You may, like me, use your hands when you talk, when you eat, when you do just about everything. But doctors and researchers have proven that our hands are germ carriers. That's why, last week, I posted my idea for the “palm smile” (aka “PS”). Read more here.
Now, the jury is still out on whether or not my palm smile will replace the handshake, I'm hopful. I am waiting for an e-mail from the person who is brave enough to palm-smile at a job interview. In the meantime, here are some of your responses, and your ideas for a new improved, and germ-free greeting:
“Why don't we just go back to the Japanese tradition of bowing? This way you don't have to worry about any bodily contact, it shows respect, and quite a number of people already know this type of greeting, so we won't look silly. Another idea would be to use the Mr. Spock salute from 'Star Trek', but I guess that would look silly.” — L.J.
“I'm seeing more and more people greeting by touching fists. One person actually told me they were doing this to not catch anything, so people are definitely concerned. I know people who won't touch handrails on stairs. Other people even try to use a paper towel to open the door when leaving the restroom (actually I do that). Hope you become famous for your new greeting.” — Jim
“I have avoided handshakes during the flu season for several years. If forced I try to do it with gloves on. I was born and raised Catholic but their recent adoption of shaking hands as a sign of peace with those round you grosses me out. I find myself avoiding mass because of it. I really wish the Pope would rethink this one.” — Pamela
“I love the PS idea, but people told me I look like my hand, palm out, is telling them to keep away." — Anonymous
“You overlooked the time honored placing hand over heart and a slight bow, as a means of greeting other individuals. There’s also the military salute, just bowing, or imitating our equine friends and stomping our hoofs (feet) on the pavement. Of course, I personally will not cross the line and imitate my dog as it sniffs it acquaintances.” — Anonymous
“As a biology teacher, I have shunned the handshake for many years. As an alternative, I adapted the closed fist greeting of knuckle-to-knuckle contact. The students are familiar with it and it is a ‘cool’ substitute for the interaction many of them need as they enter class. A really interesting germ demonstration I do is to place a small amount of glitter on a few desktops. I then do an activity that requires the students to mingle. Afterwards, I ask them to stand if they have glitter on their person. This leads in to the discussion of microbes. Even after wiping off the desks and all of the students washing their hands, they still find glitter! It gives a visual that they don't soon forget.” — Ted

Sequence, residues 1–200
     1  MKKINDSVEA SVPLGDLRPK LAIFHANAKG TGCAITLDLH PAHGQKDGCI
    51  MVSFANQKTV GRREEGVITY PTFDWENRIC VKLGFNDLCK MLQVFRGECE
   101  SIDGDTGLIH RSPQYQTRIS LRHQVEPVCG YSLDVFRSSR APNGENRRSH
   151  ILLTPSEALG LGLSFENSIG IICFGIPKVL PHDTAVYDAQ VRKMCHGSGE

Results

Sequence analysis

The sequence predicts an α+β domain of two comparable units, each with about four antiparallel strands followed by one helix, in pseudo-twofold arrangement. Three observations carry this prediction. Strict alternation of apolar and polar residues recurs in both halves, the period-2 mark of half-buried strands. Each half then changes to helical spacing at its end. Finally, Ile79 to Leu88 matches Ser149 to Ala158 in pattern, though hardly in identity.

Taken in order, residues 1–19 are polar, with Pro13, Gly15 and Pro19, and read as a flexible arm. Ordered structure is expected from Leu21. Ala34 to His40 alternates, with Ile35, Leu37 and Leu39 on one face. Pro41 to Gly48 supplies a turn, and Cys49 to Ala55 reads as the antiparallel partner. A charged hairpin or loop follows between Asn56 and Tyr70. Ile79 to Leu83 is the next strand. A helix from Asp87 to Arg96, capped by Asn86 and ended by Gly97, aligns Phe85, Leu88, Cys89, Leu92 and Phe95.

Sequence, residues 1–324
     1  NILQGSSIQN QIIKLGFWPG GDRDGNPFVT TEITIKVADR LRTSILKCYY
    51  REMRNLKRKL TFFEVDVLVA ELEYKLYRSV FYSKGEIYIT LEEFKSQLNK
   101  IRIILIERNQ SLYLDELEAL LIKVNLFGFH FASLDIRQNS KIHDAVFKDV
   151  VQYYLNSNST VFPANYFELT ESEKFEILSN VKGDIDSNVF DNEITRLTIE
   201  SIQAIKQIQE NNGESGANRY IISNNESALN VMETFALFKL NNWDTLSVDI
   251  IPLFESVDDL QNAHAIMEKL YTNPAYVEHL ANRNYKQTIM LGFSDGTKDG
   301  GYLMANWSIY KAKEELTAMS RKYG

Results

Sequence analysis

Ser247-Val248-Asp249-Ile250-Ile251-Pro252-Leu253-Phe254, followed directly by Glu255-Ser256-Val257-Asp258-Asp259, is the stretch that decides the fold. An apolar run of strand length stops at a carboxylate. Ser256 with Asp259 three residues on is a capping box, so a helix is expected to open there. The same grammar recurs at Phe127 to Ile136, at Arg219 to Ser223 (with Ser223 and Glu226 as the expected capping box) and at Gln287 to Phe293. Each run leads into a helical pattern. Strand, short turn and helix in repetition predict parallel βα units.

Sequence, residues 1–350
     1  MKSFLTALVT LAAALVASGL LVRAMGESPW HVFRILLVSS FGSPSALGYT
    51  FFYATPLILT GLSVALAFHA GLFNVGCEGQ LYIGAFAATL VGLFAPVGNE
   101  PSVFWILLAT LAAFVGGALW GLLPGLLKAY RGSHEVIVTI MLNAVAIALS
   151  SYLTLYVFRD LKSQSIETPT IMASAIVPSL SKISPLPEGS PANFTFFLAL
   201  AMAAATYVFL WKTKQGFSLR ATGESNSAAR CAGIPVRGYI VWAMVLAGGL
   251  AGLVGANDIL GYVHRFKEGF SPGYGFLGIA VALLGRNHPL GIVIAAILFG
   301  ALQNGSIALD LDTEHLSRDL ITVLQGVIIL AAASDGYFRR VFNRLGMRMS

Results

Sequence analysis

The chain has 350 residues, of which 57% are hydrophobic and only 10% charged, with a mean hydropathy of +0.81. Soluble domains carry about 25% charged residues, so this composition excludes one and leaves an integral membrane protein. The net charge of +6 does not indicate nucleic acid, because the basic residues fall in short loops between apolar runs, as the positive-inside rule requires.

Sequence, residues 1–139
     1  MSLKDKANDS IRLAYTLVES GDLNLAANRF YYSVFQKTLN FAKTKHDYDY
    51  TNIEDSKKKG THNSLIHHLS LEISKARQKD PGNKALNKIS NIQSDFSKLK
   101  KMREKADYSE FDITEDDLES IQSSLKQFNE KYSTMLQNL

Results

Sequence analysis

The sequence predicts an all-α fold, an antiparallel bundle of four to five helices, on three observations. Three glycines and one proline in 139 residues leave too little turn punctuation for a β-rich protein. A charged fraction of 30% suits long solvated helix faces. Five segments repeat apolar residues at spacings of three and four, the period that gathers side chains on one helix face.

“I read your handshake article and enjoyed it very much. I thought about the Japanese who simply smile and bow. Maybe they've got something there. I'm afraid your ‘palm shake’ would never catch on.” — Lamar (Knoxville, TN)
“While the PS may be great, it looks like a wave. Without the smile accompanying the gesture, it could be construed as a Hitler-ish type of greeting. How about going back to a head nod or a shortened version of bowing? It also connotes submission to the will of each other, always a good thing in business or other dealings where compromise is important.” — Anonymous
“Bravo on your stance about handshaking. Being a nurse, I know full well about germ transition. I avoid shaking hands if I possibly can, and also think twice about kissing just anyone. For years I've tried very hard to avoid shaking hands in the Catholic Church. How many times has someone next to me been sneezing and/or coughing, and then turn to shake your hand? Next item, I've been reading about zinc found in some cold remedies, and how it can alter your sense of taste and smell. I heard that a long time ago, now I've passed the info on to my children. The other morning I was looking at the ingredients on my box of Raisin Bran, and noticed it has zinc oxide. Now I'm really perplexed, enough to e-mail you. Could you do some research on this for me? I would really appreciate it.” — Alma
“I like the idea of the palm smile. Native Americans were using this greeting when our ancestors arrived. It's nothing new. I've been using this greeting for years. These ancient people raised their right hands and said ‘peace’ to show that they held no weapon.” — Robert
P.S. Don't forget to watch FOX News Channel. And please feel free to write to me at DRMANNY@FOXNEWS.COM and tell me what you think. Ask a question, share a thought, share a remedy — We'll try to answer all of your mail online or on the air.
Dr. Manny Alvarez serves as Fox News Channel's senior managing health editor. He also serves as chairman of the department of obstetrics/gynecology and reproductive science at Hackensack University Medical Center in New Jersey. For more information on Dr. Manny's work, visit AskDrManny.com.